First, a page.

Asia Etrading 2011 Q2 Highlights
We would have to say the highlight of the quarter was the long awaited launch of the Hong Kong Mercantile Exchange (HKMEx). Asia watchers would know that the Chinese regulator had been delaying the start date of this exchange for more than 3 years. The debut of their 32oz gold contract saw almost 4000 contracts trade hands in what was largely spread trading. The HKMEx has since averaged around 2400 contracts per day. Look for silver futures next.
Arguably, the SGX ASX merger could have been the highlight of the quarter as well. It depends on who you ask but our webinar on the merger saw 3 out of 4 of our panelists say “No” to the merger and our opinion poll results were divided at 50/50. What will happen next? We think that the ASX is preoccupied with the pending arrival of Chi-X Australia to be actively seeking a merger. However, the SGX and its CEO Magnus Bocker (he was instrumental in merging the Nordic exchanges) is busy revisiting potential merger partners. Perhaps with NASDAQ OMX his previous employer or maybe with TOCOM or OSE who interestingly enough all (including SGX) have trading engines running on NASDAQ technologies but we only speculate.
On the topic of exchanges in Asia the futures space saw the most activity. Silver futures were launched in Thailand and announced in Shanghai. The SMX started trading Cash-Settled AUD-USD and USD-JPY futures and Cash-Settled Gold, Silver and Copper futures contracts are forth coming as well. The DCE announced the listing of Coke futures. In India the MCX began trading a one gram gold contract and they also filed a DRHP with SEBI. SGX’s AsiaClear saw commodity participants increase.
On the equities side Bursa Malaysia implemented a new Day Order type. The SET upgraded their matching engine. The TSE continued to implement short-selling restrictions and postponed extending trading hours. The SGX reduced tick sizes to cut trading costs and added new ADRs of Japan and Korean Companies. Lastly, the ASEAN initiative continues to move forward.
And the western exchanges continued their push into Asia with NYSE LIFFE adding UOB as a new member. Eurex launched a new access point in Hong Kong and NYSE Technologies expanded connectivity into China. LSE saw its first Chinese Member and signed an MSA with the Mongolian Stock Exchange.
Brokers were also busy. Instinet launched an Australian liquidity pool. Nomura launched an execution consulting services in Asia. CITIC Securities became a minority shareholder in CLSA and Cheuvreux. Japan’s largest retail commodity broker Dot Commodity has been busy expanding its service too. They added CQG and joined the SGX as a member. Lastly, OMFinancial became the first New Zealand dairy futures broker.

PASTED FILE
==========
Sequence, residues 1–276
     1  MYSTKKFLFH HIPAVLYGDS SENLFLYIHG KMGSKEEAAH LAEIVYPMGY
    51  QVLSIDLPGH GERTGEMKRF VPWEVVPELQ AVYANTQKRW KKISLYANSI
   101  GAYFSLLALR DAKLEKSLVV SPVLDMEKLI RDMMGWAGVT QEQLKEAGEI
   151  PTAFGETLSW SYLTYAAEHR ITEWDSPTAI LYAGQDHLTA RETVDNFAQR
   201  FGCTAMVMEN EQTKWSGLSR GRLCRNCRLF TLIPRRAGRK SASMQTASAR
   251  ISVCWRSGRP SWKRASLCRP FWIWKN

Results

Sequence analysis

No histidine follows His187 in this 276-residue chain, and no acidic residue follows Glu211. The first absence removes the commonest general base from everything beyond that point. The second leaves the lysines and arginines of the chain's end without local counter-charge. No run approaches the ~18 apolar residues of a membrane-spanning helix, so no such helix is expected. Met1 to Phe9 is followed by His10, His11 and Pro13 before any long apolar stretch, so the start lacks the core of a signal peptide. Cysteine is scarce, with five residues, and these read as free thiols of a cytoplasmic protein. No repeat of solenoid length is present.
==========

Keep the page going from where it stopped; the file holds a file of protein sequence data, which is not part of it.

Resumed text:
The vendors continue to migrate and expand in Asia as well. RTS Realtime Systems opened an office in India and bought a local firm, First Futures Software. We suspect the purchase was used as a means of circumventing the tough empanelment process OMS/EMS vendors are subject to in India. Fidessa broke into China with Haitong Securities and their compliance solutions Sentinel was selected by Nomura Asset Management. Sungard, too, added Nanhua Futures in China to its global network and Pacific Asset Management implemented their Asset Arena software. Xenomorph opened a Singapore office. Broadridge entered into an agreement with Mitsui Knowledge Industry in Japan. Patsystems connected to HKMEx and in Australia Axioma opened an office and Westpac picked up Orc Software.
KVH and Equinix continue to expand in Asia in the colocation / proximity space. KVH and SingTel increased their network agreement and Interactive Data chose KVH’s proximity service. HKMEx and the upcoming Chi-X Australia will use Equinix as their primary data centers. KVH offers managed services where Equinix does not.
Probably the regulatory highlight this quarter was ASIC finally giving Chi-X Australia the green light and the release of the final Market Integrity Rules spelling out the competitive landscape. Also, the Taiwan FSC became a signatory to IOSCOs MMoU and SEBI allowed liquidity enhancement schemes in equity derivatives.
And fines were also handed out across the industry too. The SET fined Country Group Securities. The ASX Disciplinary Tribunal fined Macquarie Bank, IMC Pacific and ICAP.
There was also a series of people moves and departures. Tony Crane left TOCOM and has relocated to Europe. Joe Meyer left Chi-X Japan to become the CAO of the HKEx. Phill Jefferies left ULLink in Hong Kong. The SGX saw Rick Aston leave to join JP Morgan with the bourse hiring Julie Heng as the New Commodities Head and Nels Friets as Head of Securities. The former head of SICOM, Jeremy Ang, became CEO of Straits Financial Group and Tom McMahon left the SMX. Trevor Jarrett left Thomson Reuters to go to Caplin as GM. Thibaud Langlet left ITRS Group as MD and was replaced by James Mills. Kim Man Li left Goldman Sachs and Linedata finally hired an MD in Hong Kong, Sally Crane. NZX’s Head of Markets and Strategy, Fiona Mackenzie, left to join New Zealand’s Super Fund. Thailand’s SEC Board Chairman Vijit Supinit resigned and Martin Wheatley left the HK SFC to take up a post with the UK FSA. Gossip on the street has the ex-MD of RTS in Asia, Stefane Lannoy, joining HKMEx but we can read about that in Q3.
While there was much, much more going on in Asia we couldn’t possibly put it all in this article. You’ll have to get all the latest news and information on Asia’s electronic trading industry at AsiaEtrading.com. Be sure to subscribe to our free weekly newsletter so you won’t miss a thing.
Look for our Q3 highlights in October.